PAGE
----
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21 June 2016updated 02 Sep 2021 3:40am

Joyce DiDonato and Vittorio Grigolo light up the Royal Opera House’s tired Werther

In DiDonato and Grigolo’s hands Massenet’s opera becomes something much darker than this anodyne production usually provides.

By Alexandra Coghlan

Benoit Jacquot’s Werther looked old-fashioned at its debut in 2004. By 2011 it was a quaint piece of throwback theatre. Now, on its third outing, it is positively pensionable. Charles Edwards’s sets are handsome enough – cobbled courtyards giving way to moody Hammershøi interiors – but oddly inert, a pretty frame for an ugly story. There’s little revival director Andrew Sinclair can do to pour life into this period piece, but he’s spared the bother of really trying by two leads whose performances find all the psychological detail the production lacks.

I’m not sure, however, that the story Joyce DiDonato and Vittorio Grigolo (making their stage debuts as Charlotte and Werther respectively) tell us so vividly is the same one Antonio Pappano and his musicians in the pit are busy narrating. Pappano’s Werther is still heart-on-sleeve stuff, all surging brass and swooning strings. It’s emphatically a romance, albeit a tragic one, complete with solo strings that echo and double the on-stage nearly-but-not-quite-lovers. But in DiDonato and Grigolo’s hands it’s something much darker.

DiDonato’s Charlotte was always going to be fascinating. How would a singer of such energy, such an active force on stage, tackle a character whose defining characteristic is not doing – not kissing Werther (until too later), not defying her mother’s wishes, not allowing herself to feel or act on her desires?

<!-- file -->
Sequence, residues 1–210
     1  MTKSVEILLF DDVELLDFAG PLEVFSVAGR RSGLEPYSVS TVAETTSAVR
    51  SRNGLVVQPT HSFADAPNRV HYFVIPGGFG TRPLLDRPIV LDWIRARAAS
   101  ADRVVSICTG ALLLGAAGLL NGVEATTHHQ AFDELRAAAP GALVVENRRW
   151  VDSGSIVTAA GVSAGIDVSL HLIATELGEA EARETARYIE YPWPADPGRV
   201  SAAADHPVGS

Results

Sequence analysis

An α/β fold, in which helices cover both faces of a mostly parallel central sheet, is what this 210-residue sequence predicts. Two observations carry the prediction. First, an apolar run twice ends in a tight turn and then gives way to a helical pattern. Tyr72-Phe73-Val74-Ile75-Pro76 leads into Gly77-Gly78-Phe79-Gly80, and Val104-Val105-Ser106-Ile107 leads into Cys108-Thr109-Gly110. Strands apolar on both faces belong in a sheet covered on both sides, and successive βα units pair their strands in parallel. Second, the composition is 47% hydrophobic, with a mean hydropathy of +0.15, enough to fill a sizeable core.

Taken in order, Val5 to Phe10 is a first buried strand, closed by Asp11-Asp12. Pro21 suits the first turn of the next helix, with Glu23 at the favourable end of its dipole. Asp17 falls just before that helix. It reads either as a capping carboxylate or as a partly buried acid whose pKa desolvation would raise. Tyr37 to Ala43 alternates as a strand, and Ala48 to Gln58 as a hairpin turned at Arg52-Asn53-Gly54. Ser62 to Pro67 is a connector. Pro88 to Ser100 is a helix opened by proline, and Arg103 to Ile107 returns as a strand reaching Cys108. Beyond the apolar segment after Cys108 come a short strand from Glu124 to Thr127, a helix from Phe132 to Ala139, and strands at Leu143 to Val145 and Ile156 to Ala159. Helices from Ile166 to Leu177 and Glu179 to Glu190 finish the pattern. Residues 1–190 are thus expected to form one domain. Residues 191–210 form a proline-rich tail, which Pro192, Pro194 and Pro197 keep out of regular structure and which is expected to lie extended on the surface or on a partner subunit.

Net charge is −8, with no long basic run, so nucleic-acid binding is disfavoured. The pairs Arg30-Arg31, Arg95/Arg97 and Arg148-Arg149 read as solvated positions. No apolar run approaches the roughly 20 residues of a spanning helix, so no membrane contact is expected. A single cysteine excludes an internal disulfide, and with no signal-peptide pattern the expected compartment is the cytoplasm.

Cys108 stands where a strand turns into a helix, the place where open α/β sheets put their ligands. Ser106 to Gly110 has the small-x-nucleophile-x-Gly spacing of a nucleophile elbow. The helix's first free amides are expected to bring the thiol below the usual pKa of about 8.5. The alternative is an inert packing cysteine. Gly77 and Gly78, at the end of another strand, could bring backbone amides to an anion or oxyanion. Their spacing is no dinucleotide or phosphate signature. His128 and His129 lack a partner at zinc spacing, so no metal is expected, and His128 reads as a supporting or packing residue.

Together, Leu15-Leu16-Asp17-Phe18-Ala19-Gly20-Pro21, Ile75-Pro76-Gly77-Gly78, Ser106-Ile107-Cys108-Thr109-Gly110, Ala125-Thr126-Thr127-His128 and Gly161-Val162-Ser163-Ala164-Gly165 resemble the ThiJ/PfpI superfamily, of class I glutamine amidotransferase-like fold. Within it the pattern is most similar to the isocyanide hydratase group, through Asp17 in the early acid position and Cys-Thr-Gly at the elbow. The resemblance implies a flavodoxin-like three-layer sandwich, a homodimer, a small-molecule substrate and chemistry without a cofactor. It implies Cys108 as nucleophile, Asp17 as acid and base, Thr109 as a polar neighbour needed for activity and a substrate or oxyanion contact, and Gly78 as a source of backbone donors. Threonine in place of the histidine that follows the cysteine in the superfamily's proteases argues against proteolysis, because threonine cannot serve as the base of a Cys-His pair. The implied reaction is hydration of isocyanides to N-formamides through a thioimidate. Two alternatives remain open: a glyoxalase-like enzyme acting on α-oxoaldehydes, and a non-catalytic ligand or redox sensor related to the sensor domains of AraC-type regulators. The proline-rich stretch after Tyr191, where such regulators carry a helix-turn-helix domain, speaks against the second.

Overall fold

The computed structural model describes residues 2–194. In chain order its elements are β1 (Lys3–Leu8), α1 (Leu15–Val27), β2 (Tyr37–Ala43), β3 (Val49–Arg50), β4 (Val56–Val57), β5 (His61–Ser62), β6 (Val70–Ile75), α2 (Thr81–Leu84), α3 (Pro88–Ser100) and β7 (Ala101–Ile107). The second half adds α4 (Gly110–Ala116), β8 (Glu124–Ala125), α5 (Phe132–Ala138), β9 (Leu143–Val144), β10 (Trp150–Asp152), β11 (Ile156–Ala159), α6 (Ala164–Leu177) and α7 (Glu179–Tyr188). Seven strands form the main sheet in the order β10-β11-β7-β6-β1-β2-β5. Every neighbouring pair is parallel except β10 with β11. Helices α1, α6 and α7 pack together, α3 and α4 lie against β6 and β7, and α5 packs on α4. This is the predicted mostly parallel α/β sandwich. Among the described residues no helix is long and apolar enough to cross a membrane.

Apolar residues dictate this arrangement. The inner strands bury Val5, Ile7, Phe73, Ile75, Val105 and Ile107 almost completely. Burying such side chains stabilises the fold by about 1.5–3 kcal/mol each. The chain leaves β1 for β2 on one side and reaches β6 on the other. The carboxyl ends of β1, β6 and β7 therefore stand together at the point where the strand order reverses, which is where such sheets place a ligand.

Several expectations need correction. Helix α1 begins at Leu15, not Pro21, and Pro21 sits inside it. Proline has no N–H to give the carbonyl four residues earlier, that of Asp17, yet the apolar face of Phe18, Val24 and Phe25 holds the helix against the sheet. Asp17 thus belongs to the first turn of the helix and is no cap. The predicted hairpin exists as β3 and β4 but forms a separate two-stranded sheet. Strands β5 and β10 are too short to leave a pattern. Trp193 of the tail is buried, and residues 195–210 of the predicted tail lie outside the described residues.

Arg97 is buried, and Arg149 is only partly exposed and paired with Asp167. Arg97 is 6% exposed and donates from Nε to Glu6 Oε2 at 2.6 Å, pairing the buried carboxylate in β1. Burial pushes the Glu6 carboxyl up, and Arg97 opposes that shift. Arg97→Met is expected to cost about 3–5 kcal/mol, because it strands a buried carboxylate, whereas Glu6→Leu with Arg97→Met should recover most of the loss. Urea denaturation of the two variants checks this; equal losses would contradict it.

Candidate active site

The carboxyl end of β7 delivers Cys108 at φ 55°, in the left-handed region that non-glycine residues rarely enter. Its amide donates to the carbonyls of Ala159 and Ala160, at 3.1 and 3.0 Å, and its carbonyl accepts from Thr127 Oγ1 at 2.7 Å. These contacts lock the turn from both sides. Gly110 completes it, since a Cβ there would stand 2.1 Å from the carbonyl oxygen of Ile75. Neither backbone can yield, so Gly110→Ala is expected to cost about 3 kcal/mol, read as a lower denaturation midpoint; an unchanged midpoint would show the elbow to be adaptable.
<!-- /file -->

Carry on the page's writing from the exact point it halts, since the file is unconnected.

Taking all that energy and pushing it inwards, DiDonato gives us a Charlotte with a complicated inner life – outwardly quiet and self-possessed, but only at a cost. That cost becomes suddenly and violently visible in Act III, where a protracted moment of stillness, back to the audience, releases into a volatile sequence of emotions (“Ah! mon courage m’abandonne”/”Va! laisse couler mes larmes”). This Charlotte is no prig, but a woman old beyond her 20 years, in the habit of duty and obedience, of putting her own wishes last.

DiDonato’s reading of Charlotte’s love as a slow-burn passion, creeping gradually into focus, leaves us little choice but to suspect the insta-ardour of Grigolo’s Werther. This young lover yearns and burns from their earliest encounter, forcing his feelings repeatedly at a woman who declines them. Fortunately Grigolo has the vocal power and stamina to carry off this grand passion. While DiDonato paces herself carefully (perhaps too carefully, at the start), Grigolo comes in at full power and maintains that intensity over the whole course of the opera.

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What’s more surprising, perhaps, in this role debut is the subtlety and expressive range Grigolo finds for Werther’s rather one-dimensional emotions, placing his voice with care and unexpected delicacy for “Pourquoi me réveiller”, and giving us a death scene of tremendous tenderness. But for all its musical delights, the relationship that emerges here is one more dysfunctional than most – an obsessive, destructive force in which Charlotte is more victim, or passive recipient, than co-creator.

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DiDonato and Grigolo are aided by as strong a supporting cast as this production has yet fielded. The stand-out is Heather Engebretson’s Sophie – guileless in her joy, all vocal bloom and sweetness of tone, but there are also strong turns from drunken duo Johann and Schmidt (Yuriy Yurchuk and Francois Piolino), and a warmly sung if dramatically understated Albert from David Bizic. If Massenet’s opera still feels a little slight, short on action and long on emotion, then that’s an issue better productions that this have still failed to solve.